GAINESVILLE, Fla. — Now that panic has officially set in, LSU can get on with the task of perhaps fixing the season.
Isn’t that the traditional first sign in the eight-step road to recovery — the uncontrollable fan shrieking, the cuss-texting, the rumor-tweeting and message-board finger-pointing?
Once that settles down, you move on to step 2, admitting you have a problem.
And right now LSU has a problem.
Reality hit the Tigers in the mouth Saturday just has hard as Florida did in a 14-6 thumping.
If they needed any more sobering news, the LSU charter flight would have landed back in Baton Rouge just about the time Georgia scored a late, meaningless touchdown to pull within 35-7 of the Tigers’ next opponent, South Carolina.
Yes, by all means, feel free to push the panic button now.
It won’t get any easier.
There’s nothing particularly shameful about losing by eight points to a good team in one of college football’s toughest pits to play in.
And it’s not just that panicked fans had no reference point for a regular season loss since the 2010 season.
It’s just that it felt and looked so much worse, given the way Florida manhandled LSU in the second half.
It’s also true that it didn’t really deep-six any of the goals the Tigers had when they were widely acclaimed August’s best team in the nation.
Win out, beating Alabama, and it’s all still on the table since this was a non-division game and ...
But, come on, let’s get real.
Watching LSU play Saturday, you wonder where another October victory is coming from before the Crimson Tide gets to Baton Rouge in November.
Even Arkansas doesn’t look like such a Thanksgiving bargain anymore.
Worse than any stat sheet for LSU was its body language.
Afterwards, they looked as beaten as they ever have in a long time, maybe even more so than the BCS debacle with Alabama last year.
Once Florida took the lead, there was nothing in LSU’s pep and step that suggested the Gators needed to worry about a comeback rally.
Instead, the Tigers looked like a fragile, frustrated team wondering where all the confidence and swagger from last year went.
If you want the inevitable comparison to 2010, last year’s team always looked like it was having fun playing the game.
Not sure that’s the case right now.
They almost look like they’re hoping for the best.
LSU’s biggest problem Saturday was its disjointed, anemic offense, but the most mystifying was watching a Tiger defense melt in the second half, powerless to stop a Florida team that didn’t even bother throwing the ball on its last 25 offensive plays of the game.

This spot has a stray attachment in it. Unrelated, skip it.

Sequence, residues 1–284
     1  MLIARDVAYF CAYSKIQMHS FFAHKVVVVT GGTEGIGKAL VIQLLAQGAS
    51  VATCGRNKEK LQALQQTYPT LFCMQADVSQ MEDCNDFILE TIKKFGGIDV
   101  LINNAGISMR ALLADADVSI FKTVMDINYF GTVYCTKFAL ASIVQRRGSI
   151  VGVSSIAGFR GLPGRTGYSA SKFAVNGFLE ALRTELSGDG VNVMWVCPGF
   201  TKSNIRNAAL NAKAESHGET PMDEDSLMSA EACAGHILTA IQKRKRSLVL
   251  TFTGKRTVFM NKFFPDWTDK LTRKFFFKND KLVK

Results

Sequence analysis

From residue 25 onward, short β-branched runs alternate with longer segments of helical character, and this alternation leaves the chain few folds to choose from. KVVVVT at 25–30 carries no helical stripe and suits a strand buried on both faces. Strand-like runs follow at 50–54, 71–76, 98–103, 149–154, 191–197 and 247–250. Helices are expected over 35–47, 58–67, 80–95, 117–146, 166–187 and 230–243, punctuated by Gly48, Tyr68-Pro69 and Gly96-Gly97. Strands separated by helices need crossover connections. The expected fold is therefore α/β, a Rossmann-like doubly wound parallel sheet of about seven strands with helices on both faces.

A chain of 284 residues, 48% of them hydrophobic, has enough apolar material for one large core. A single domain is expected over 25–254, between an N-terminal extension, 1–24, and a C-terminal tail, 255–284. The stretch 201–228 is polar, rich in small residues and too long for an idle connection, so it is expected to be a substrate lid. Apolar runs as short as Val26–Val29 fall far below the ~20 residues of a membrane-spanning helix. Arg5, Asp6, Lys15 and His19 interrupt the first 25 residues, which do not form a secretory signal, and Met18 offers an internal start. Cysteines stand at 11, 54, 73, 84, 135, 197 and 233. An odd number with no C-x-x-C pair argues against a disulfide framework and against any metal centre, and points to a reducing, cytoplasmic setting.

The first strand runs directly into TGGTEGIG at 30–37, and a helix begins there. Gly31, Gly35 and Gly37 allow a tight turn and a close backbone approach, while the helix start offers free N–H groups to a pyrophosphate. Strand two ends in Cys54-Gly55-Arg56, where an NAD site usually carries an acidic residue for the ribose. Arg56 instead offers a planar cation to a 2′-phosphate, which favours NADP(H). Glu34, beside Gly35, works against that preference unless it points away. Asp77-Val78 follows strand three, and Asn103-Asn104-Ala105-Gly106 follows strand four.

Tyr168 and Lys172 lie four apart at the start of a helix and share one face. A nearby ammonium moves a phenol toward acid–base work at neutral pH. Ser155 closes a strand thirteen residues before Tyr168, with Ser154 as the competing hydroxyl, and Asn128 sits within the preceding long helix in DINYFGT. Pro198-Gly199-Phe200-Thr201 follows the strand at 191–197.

LSU was one worn-down defense.
Yeah, it was hot and very humid, but it’s not like the Tigers were snowbirds coming to Florida.
What happened to all that defensive depth?
Maybe there are limits to it.
Florida must have detected something. Head coach Will Muschamp looked at a halftime stat sheet that showed him with 16 yards rushing on 24 attempts and decided (maybe it was the five sacks) that he could run at will on the Tigers. He threw only four passes in the second half — only two of them risky enough to cross the line of scrimmage —and still pounded out 160 on the ground and outscored LSU 14-0.
Even though it worked, I’d be willing to write that off as an LSU defensive aberration.
If there is something really wrong with the Tigers’ defense, the season is over anyway — because this offense is just mind-boggling.
In this new offensive age where most teams seem to hiccup and accidentally burp up 40-45 points a game, LSU is suddenly celebrating first downs and wondering what an old-fashioned touchdown felt like.
Maybe, it’s time to re-think what they’re doing. It can’t be as simple as cleaning up those pesky mistakes (and it doesn’t look like that’s going to happen anyway).
But surely don’t blame it all on the quarterback, always a popular knee-jerk reaction.
Earlier in the year, maybe.
But at least Zach Mettenberger has shown some progress since the start of the season, his first as a college starter. Saturday he had mostly good reads and good throws but a lot of out-and-out drops with little in the way of out of the ordinary catches.
Besides, this offense has a long way to go before it can claim it’s a good team in search of a quarterback.
Mainly, LSU has to figure out a way to block somebody — anybody.
Or get fewer of them around the line of scrimmage that need attending to.
Lately, the defensive blueprint against LSU hasn’t changed whether it’s Towson or Florida. You stack everybody plus the tubas and glee club near the line and, when in doubt, send the house.
Remember over the summer when LSU promised the vertical passing game would force teams to back off from that kind of boorish behavior?
Mettenberger is looking at a lot of team portraits, which hasn’t done much for the running game either.
It probably isn’t as simple as just throwing it deep more. Mettenbeger has that shot in his arsenal, but he would likely have to buy even more time.
But it’s worth a shot. LSU has to so something different.
Scooter Hobbs covers LSU sports. Email him at firstname.lastname@example.org